Latin American integration efforts have been a continuous fixture throughout much of the last century, but in recent years there has been a flurry of new initiatives, with leaders re-emphasizing regional ties. The increasing number of high-profile presidential and ministerial summits have brought renewed promises and commitments to deepen regional political, economic, social, and developmental cooperation, and have spurred the creation of new political and economic bodies tasked with uniting the region. Read more »

Violence and Insecurity in Latin America: New Survey Findings

by Shannon K. O'Neil
People in a local bus service travel past a crime scene, where three men were shot dead, in Monterrey (Stringer/Courtesy Reuters). People in a local bus service travel past a crime scene, where three men were shot dead, in Monterrey (Stringer/Courtesy Reuters).

Though specific countries usually capture the headlines for their bloodiness—Mexico, Guatemala, Honduras, and often Colombia—security problems are widespread throughout Latin America. For the region which holds the unfortunate distinction of being the world’s most violent, a new Latinobarómetro report looks at the recent trends, and through survey data,  tries to tease out how this affects perceptions, people, and, more broadly, democracy. Read more »

Latin America’s Economic Outlook

by Shannon K. O'Neil
Source: The 2012 IMF Economic Outlook Report for the Western Hemisphere Source: The 2012 IMF Economic Outlook Report for the Western Hemisphere

The recent IMF economic outlook report entitled, “The Western Hemisphere: Rebuilding Strength and Flexibility,” is overall quite bullish on the region. Fueled by favorable commodity prices and plentiful international credit, it lauds (as much as the IMF does) the steady growth of the past decade. Perhaps as important for the IMF, many Latin American governments have used rising revenues in economically sound ways. The region as a whole has turned deficits to surpluses, and lowered debt to GDP levels by some 15 percent. Many countries invested in targeted social programs, helping reduce regional poverty levels from 44 percent in 2002 to 33 percent in 2008. Read more »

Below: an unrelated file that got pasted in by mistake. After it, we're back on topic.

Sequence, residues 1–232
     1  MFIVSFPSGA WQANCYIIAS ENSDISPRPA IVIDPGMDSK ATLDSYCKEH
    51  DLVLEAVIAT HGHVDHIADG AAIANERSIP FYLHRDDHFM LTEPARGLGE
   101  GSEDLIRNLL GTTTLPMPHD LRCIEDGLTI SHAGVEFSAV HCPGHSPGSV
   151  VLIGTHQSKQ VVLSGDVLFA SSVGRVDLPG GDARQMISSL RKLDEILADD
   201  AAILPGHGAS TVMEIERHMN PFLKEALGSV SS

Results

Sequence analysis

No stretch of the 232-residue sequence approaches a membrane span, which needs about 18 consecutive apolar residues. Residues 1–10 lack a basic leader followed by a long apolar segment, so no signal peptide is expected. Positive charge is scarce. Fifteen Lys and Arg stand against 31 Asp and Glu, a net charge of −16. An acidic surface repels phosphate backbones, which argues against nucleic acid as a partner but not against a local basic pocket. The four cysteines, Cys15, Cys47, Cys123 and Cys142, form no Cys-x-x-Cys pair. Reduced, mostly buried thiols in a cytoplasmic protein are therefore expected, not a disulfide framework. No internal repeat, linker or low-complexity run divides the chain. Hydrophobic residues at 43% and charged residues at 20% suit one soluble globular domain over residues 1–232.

Guest Post: Colombia’s Displaced

by Guest Blogger for Shannon K. O'Neil
Group of internally displaced Colombians protest at the entrance of AG headquarters in Bogota (Jose Gomez/Courtesy Reuters). Group of internally displaced Colombians protest at the entrance of AG headquarters in Bogota (Jose Gomez/Courtesy Reuters).

This is a guest post by Stephanie Leutert, a research associate here at the Council on Foreign Relations who works with me in the Latin America program.

The best known Colombian security story is that of declining violence. Indeed its homicide rate dropped from near 80 homicides per 100,000 in 1990 to 32 per 100,000 in 2010 lower than its eastern neighbor Venezuela, or the notoriously violent Central American countries to the north. In fact, Colombian police now share best practices and security advice with their Honduran and El Salvadoran counterparts, and are training twelve thousand Mexican officers. Read more »

Why the Summit of the Americas Matters

by Shannon K. O'Neil
Colombian policemen stand in front of the Centro de Convenciones in Cartagena Colombian policemen stand in front of the Centro de Convenciones in Cartagena (Jose Gomez/Courtesy Reuters).

The sixth Summit of the Americas on April 14-15 is part of an intense spring of bilateral and regional interactions in the hemisphere. It will bring together thirty-three heads of state from nearly every member of the Organization of American States (OAS) in Cartegena, Colombia, to discuss regional issues ranging from expanding economic ties to turning back a surge in criminal activity. Read more »

Guest Post: Ecuador’s Military and Why Correa Will Be Reelected (Once)

by Shannon K. O'Neil
Soldiers stand guard outside Eufrasia high school in Quito (Guillermo Granja/Courtesy Reuters). Soldiers stand guard outside Eufrasia high school in Quito (Guillermo Granja/Courtesy Reuters).

This is a guest post by Gabriel Aguilera, an Assistant Professor of International Security Studies at the Air War College. The views expressed here belong solely to the author and do not necessarily reflect the official policy of the U.S. Government, Department of Defense, or Air War College. Read more »